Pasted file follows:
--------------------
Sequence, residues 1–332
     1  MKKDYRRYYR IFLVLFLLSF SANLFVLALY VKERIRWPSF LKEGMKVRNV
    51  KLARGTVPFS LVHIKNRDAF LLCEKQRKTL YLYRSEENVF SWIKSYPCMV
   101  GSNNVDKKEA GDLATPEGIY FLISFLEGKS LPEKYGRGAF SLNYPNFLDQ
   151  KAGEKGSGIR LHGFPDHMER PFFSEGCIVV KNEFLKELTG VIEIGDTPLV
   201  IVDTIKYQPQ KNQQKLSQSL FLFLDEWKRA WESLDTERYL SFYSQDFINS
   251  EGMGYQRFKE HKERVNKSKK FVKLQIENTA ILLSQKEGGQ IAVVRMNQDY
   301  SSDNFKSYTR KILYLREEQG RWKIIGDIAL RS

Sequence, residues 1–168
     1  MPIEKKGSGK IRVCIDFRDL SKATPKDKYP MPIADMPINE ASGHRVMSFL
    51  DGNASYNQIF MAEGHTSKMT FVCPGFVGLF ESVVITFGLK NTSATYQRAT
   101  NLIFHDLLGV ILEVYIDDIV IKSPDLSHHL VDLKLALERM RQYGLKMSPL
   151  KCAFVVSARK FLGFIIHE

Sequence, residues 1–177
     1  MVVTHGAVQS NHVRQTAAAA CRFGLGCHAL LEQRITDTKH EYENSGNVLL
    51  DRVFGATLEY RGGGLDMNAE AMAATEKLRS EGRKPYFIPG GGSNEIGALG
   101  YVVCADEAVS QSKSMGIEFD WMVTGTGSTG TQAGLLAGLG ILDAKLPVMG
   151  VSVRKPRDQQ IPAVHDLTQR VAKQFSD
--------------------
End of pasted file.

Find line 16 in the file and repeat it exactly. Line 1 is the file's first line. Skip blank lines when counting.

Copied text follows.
    51  DRVFGATLEY RGGGLDMNAE AMAATEKLRS EGRKPYFIPG GGSNEIGALG